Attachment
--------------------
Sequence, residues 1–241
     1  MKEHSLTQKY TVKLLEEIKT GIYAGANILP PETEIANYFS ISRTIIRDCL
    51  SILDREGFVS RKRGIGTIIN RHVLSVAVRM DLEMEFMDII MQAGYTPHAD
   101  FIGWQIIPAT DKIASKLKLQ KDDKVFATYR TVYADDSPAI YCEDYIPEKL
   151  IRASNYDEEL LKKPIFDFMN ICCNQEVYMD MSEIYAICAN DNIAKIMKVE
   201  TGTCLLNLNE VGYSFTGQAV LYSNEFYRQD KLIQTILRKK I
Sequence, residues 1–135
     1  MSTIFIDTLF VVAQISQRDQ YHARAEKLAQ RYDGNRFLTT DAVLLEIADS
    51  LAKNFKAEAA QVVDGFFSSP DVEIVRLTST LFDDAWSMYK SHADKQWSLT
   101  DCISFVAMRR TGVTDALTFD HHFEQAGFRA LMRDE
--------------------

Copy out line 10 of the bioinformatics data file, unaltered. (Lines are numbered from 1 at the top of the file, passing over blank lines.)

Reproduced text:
   101  DCISFVAMRR TGVTDALTFD HHFEQAGFRA LMRDE